The big stats are as follows: Kentucky had $14 billion to pay its bills of $46 billion. That means Kentucky missed $32.1 billion. That’s a ratio of $3 in bills to $1 to pay for it. Which is almost as bad as California’s about $4 in bills with $1 to pay for it. This results in a taxpayer needing to pay an extra $26,000 to balance the state’s budget. And perhaps most interestingly, Truth in Accounting notes that the taxpayer paying said taxes now or in the immediate future is paying for items which “they would receive no related services or benefits”.

6 Delaware

It’s kind of crazy. If I was a couple of billion dollars short of paying rent, I’m pretty sure I’d be evicted. But we don’t evict states here. But what does that have to do with Delaware? Well the only interesting fact I know about Delaware is that it was the first state to join the Union! Hooray for being first! And hooray for not being the worst indebted state!

So, what kind of financial landscape does Delaware offer its residents?

You already know the answer, but what about specifics? In the 2021 Truth in Accounting Report, Delaware received an “F” grade due to its taxpayer burden of $31,300. That’s a jump of $5,300 per taxpayer from Kentucky above. Delaware had $4.9 billion available to pay $15.3 billion in debts. The result is a shortfall of $10.4 billion for the First State.

5 Hawaii

The most unique state in all of the Union is not unique in its debts, unfortunately. While the landscape is beautiful and the natural beauty is something to be mesmerized by – the state’s finances are not. It reminds me of a quote I hear occasionally “You cannot eat the view.”

Hawaii has also not been funding its promised pension benefits and retiree health care benefits for several years now. And to make matters worse for the state, perhaps the state most emblazoned around tourism, its financial condition worsened by 11 percent during the pandemic. And we all know how unfortunately crippling the pandemic was in general, only to be a force multiplier to the tourism industry in a state which thrives on it.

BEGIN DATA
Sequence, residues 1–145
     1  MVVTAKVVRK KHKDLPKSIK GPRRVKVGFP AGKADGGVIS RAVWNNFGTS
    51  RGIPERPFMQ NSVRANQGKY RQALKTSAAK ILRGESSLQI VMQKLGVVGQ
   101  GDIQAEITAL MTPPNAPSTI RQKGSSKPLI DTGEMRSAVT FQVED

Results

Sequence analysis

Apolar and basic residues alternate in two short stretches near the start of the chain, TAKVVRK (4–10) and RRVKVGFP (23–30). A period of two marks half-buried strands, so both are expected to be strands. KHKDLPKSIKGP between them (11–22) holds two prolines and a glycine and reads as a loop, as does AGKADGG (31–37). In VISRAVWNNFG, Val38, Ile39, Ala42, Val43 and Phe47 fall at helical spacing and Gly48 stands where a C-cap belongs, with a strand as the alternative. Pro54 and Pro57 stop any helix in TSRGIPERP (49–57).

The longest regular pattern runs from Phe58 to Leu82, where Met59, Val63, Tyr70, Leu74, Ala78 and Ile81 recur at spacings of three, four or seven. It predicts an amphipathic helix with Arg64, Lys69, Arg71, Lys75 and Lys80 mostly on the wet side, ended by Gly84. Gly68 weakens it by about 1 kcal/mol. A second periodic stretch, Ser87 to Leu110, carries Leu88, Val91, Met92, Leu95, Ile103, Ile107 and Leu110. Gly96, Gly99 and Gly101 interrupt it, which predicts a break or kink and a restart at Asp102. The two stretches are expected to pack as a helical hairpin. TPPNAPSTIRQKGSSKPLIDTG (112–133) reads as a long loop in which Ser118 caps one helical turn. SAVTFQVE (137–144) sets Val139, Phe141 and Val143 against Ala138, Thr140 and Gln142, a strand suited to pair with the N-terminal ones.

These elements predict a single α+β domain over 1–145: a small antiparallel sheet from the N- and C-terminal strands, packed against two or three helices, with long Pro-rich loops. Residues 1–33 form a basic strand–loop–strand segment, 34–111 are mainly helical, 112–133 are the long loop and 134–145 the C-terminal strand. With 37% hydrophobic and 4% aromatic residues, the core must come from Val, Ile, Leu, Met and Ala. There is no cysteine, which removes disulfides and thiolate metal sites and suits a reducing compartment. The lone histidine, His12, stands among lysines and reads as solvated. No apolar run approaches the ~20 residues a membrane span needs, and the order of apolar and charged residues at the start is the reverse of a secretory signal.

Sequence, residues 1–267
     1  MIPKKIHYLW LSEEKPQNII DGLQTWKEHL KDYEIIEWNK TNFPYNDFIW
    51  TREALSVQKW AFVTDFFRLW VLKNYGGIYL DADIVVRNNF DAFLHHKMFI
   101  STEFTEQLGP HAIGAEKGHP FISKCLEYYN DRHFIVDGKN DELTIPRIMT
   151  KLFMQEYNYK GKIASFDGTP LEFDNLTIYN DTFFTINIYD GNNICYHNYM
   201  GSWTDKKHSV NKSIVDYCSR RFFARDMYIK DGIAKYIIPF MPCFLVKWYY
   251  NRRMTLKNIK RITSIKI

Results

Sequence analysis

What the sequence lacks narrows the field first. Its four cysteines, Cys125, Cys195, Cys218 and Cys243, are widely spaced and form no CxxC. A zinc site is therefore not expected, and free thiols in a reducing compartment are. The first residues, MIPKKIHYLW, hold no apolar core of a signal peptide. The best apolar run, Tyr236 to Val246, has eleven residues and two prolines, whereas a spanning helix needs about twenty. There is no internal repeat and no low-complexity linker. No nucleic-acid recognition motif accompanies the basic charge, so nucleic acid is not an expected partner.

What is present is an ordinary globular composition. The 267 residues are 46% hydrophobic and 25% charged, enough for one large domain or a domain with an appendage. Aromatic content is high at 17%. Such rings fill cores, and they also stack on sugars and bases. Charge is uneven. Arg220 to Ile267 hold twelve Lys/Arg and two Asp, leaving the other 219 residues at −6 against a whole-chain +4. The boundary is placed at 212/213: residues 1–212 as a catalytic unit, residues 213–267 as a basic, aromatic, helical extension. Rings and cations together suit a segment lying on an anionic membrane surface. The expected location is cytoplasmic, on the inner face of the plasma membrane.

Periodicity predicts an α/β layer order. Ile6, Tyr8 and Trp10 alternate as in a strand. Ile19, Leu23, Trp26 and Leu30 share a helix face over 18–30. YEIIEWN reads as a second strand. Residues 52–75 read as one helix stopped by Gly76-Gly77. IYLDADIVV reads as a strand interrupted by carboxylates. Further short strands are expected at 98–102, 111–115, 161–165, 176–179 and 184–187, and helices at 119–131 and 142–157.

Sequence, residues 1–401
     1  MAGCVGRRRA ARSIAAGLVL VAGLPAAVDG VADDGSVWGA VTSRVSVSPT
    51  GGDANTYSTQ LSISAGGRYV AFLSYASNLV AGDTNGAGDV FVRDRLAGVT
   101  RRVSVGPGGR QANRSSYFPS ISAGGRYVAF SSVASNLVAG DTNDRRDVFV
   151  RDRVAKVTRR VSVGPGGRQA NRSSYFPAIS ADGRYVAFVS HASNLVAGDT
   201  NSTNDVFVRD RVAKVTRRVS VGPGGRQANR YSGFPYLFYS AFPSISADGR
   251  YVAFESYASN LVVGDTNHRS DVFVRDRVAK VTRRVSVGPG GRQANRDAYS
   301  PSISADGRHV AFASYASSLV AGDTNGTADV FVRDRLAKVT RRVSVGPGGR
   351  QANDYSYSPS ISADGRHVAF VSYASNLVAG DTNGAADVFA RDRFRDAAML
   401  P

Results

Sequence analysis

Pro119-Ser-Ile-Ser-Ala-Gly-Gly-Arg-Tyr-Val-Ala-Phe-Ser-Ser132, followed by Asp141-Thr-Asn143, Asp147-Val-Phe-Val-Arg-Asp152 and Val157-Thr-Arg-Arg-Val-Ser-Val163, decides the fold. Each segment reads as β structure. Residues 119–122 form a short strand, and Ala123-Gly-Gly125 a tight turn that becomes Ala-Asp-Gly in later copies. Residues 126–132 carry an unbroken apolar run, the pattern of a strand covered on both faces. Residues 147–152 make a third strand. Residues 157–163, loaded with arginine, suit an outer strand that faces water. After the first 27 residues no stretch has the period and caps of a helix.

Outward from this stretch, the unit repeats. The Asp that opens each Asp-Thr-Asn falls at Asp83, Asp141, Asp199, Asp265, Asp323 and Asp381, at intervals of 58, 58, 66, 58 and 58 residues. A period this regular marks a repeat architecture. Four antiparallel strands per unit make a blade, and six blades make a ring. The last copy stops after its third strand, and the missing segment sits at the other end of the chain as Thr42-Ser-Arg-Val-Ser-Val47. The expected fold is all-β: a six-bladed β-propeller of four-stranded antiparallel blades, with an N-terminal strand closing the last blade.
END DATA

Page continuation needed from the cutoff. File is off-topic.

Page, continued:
For 2021, Hawaii had $6.5 billion to pay its bills of $24.5 billion. That doesn’t even look good to read. Even on a list of the worst state finances. Due to this, Hawaii was short $18 billion with an “F” grade once again. The final result of all this is a taxpayer burden of $37,000.

4 Massachusetts

Massachusetts often strikes me as a tertiary member of the states that pop up the most in news headlines along with New York and California. This is more due to Boston and its heritage and all the history in and throughout the state. And I will say – I love Boston and that city appears to be a booming hub of an economy. It even ties into nearby Cambridge as two powerful college towns and bustling cities as part of a whole state of wealth.

Yet here it is, all the way down in the 4th place. What went wrong Massachusetts? Well, just like about every other state on this list, Massachusetts had underfunded pensions and retiree health care benefits. And also like about every other state on this list, it has gone on for years, now.

The big numbers are as follows: Massachusetts had $28.3 billion accessible to pay for $126.9 billion worth of bills. That’s an impressively inconsiderate $5 of bills per $1 of assets available. Worse than any other state thus far. These debts result in a taxpayer burden of $38,100.

3 Illinois

It still surprises me that the S in Illinois makes no noise. It does not surprise me that they are on this list and it equally does not surprise me that they are this low on the list. The land of Lincoln likes to silently move into a worse financial position like a glacier, steadily and quietly.

For the year 2021, Illinois had also underfunded its pension funds and retiree health care funds. And once again, it’s been like this for years. Illinois only had $36.2 billion available for a total tab of $272.2 billion. I cannot even comprehend how they made the ratio this horrible at $7.5 of bills to $1 of assets. This results in a taxpayer burden of $57,000. That’s a decent salary.

2 New Jersey

My home state! The Garden State! Pork roll (NOT Taylor ham), beaches, the Pinelands, and very silly geese underfunding the pension system for years now!

In 2020, we finally were first at something by being dead last in the Union when it came down to the fiscal health of the Garden State. And I was honestly not surprised at all. But now it’s second to last and we are moving up in the world! 

In 2021, New Jersey had $31.7 billion available to pay for $216.9 billion of bills. This resulted in a shortfall of $185.2 billion or $58,300 per taxpayer. And yet again, these debts are mostly due to underfunded pension promises and retiree health promises. And it sure wasn’t spent on infrastructure.

1 Connecticut

Congrats to Connecticut for being the worst state budgeted state in the Union! I usually joke that this state is just a highway, so I don’t know where all these people came from to tank their budget. But alas it does not matter since New Jersey is not last!

In 2021, Connecticut threw $16.8 billion at a total bill of $96.3 billion. As you can assume, this is not very good and the state’s financial condition worsened by 18% since the pandemic. The total taxpayer burden per person is $62,500, the absolute worst in the union when it comes to state finances.